The 2012 game Spec Ops: The Line was a deeply critical response to the way in which war and conflict had been portrayed in games. Taking Joseph Conrad’s Heart of Darkness as inspiration, the game took a cynical approach to the increasingly detailed yet sanitised depiction of war. Starting out as a formulaic tale of Western intervention to help a sandstorm-buried Dubai, the game depicts ambiguous moral choices as well as civilian collateral damage in a highly critical and subversive way. The game makes the player stop to reflect on their actions, something that is normally outside the usually simplistic and circular justifications other games use for the violent acts that the player witnesses and facilitates. Similarly, the 2008 game Far Cry 2 borrows lightly from Heart of Darkness, taking place in a fictional African country in the grips of a civil war between two greedy and ruthless militias.

As western military involvement in the Middle East has, at least in the eyes of the western audiences, wound down to be out of sight and out of mind, western popular culture has adapted to react to new threats. Wikileaks, Anonymous and Edward Snowden are being explored as the new sources of cultural anxiety and trauma; Call of Duty: Black Ops II features a hacker antagonist, who in the near future takes control of the United States’ expanded drone forces. The recently released Watch_Dogs puts the player in the shoes of a skilled hacker in a near-future Chicago, and can be interpreted as a warning against the danger hackers pose to increasingly centralised and interconnected systems. At the same time it offers up a new revenge fantasy to anyone who has been the victim of the seemingly unending frauds, data thefts and security breaches of many internet-based services.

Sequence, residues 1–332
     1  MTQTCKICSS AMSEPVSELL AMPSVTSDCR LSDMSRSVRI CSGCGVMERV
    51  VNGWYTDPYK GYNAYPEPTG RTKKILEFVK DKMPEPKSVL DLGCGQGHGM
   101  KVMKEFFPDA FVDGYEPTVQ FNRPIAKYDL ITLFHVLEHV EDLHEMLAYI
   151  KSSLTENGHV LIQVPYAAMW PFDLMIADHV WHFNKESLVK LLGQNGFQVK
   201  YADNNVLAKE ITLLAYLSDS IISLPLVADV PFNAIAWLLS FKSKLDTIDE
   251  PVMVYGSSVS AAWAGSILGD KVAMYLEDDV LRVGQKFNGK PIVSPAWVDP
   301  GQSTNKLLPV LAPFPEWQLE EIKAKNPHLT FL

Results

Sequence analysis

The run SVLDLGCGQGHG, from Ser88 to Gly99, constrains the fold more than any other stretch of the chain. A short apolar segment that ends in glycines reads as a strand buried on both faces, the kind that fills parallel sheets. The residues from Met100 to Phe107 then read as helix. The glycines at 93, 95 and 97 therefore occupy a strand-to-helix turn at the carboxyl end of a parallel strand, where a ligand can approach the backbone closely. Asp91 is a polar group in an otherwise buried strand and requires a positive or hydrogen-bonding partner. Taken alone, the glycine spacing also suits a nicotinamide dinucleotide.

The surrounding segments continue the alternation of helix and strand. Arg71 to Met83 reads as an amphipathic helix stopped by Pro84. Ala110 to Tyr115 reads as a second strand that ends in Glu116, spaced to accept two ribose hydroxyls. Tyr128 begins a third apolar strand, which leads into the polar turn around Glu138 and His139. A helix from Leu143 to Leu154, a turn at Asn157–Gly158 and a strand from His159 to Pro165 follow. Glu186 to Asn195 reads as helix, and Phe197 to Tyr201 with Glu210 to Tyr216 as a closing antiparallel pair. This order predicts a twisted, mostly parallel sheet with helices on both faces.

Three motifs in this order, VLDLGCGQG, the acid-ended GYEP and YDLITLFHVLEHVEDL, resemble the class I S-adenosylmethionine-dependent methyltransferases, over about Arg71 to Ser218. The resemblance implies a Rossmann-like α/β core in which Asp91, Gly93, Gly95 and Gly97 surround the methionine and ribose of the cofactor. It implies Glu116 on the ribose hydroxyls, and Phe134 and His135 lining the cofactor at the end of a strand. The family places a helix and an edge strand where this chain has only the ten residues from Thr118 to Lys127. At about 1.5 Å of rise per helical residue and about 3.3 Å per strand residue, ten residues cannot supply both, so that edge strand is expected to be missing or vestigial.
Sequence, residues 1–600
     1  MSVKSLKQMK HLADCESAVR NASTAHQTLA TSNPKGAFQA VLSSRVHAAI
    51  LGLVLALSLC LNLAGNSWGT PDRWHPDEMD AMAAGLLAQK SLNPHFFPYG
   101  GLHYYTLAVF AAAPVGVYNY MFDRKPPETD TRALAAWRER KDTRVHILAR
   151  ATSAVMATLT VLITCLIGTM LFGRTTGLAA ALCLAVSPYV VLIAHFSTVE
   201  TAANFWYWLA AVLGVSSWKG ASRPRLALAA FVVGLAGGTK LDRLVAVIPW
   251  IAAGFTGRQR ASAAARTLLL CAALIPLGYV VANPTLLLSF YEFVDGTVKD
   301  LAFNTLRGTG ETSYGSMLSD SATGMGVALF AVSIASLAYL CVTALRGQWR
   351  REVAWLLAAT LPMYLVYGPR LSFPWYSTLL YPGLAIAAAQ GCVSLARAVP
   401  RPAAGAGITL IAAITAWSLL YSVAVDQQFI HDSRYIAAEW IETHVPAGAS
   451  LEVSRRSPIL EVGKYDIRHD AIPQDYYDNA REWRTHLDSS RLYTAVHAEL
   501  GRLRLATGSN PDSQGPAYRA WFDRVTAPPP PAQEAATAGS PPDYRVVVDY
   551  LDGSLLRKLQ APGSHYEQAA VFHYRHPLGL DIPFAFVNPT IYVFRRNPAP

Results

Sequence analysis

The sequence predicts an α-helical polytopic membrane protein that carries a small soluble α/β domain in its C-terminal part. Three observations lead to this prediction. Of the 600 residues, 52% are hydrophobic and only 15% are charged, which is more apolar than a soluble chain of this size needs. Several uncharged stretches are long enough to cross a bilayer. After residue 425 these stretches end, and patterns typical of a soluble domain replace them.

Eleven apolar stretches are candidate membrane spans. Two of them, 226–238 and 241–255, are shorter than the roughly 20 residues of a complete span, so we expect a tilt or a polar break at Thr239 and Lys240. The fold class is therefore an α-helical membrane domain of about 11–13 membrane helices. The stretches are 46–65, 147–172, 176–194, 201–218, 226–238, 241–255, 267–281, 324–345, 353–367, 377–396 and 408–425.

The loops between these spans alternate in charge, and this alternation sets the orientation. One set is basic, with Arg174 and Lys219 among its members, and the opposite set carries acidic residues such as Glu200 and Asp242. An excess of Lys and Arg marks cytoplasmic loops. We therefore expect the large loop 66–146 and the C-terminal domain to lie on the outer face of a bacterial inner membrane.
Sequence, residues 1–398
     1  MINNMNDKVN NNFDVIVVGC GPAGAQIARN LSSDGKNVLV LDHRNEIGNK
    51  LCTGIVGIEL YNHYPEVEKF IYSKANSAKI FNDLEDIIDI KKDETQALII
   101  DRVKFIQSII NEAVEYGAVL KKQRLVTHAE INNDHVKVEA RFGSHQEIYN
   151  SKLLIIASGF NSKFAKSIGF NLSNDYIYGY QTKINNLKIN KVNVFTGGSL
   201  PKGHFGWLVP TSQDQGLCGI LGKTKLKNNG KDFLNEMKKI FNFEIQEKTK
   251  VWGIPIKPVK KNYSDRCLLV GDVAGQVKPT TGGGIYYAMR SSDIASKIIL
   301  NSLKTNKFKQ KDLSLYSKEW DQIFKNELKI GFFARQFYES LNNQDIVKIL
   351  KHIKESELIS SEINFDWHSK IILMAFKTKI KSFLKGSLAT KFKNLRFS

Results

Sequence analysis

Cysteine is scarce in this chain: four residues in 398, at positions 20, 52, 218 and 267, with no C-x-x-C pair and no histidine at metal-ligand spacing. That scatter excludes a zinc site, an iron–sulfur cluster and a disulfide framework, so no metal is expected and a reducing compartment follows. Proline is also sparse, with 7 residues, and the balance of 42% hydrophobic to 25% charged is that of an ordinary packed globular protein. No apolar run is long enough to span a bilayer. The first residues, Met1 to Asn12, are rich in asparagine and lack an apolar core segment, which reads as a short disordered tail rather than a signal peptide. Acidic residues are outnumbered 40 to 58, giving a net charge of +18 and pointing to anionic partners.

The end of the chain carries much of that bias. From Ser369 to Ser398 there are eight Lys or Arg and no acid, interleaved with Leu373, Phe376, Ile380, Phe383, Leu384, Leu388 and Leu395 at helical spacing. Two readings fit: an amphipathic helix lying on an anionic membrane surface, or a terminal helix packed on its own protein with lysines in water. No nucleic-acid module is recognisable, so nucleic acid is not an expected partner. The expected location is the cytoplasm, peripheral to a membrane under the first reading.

Why does this matter? The medium of games is a uniquely textured and tactile environment to continue the human necessity of storytelling; whether it be in moment-to-moment gameplay experiences or the underlying story or theme a particular game is exploring. A generation has grown up being bombarded with messages about the necessity for increased security, updates on the latest protracted conflict in a place they have never seen or heard of in any other context, and the constant threat of terrorism hanging over them like the sword of Damocles; all of this is delivered through a ubiquitous, 24-hour news media. It is entirely possible that games are the first instance of many people engaging with any of these topics on a participatory and interactive level. It is worth considering the way that game portray war and conflict, and how these messages are received by audiences due to the potential for their affecting of popular thought relating to real world events and issues. The condensing and streamlining of conflicts like Vietnam and the ‘War on Terror’ into simple and easily digestible narratives applies the same maximal and binary filtering logic of George W. Bush’s “Either you are with us or you are with the terrorists” speech. As a medium that lets us tell ourselves the stories through interactivity, games should be telling us what we need to know rather than what we want to hear. The difficult truths about these traumatic moments in our cultural memory are important. Without them the conflicts they depict will remain ‘unfinished’ and the cultural catharsis sought through them will remain out of reach.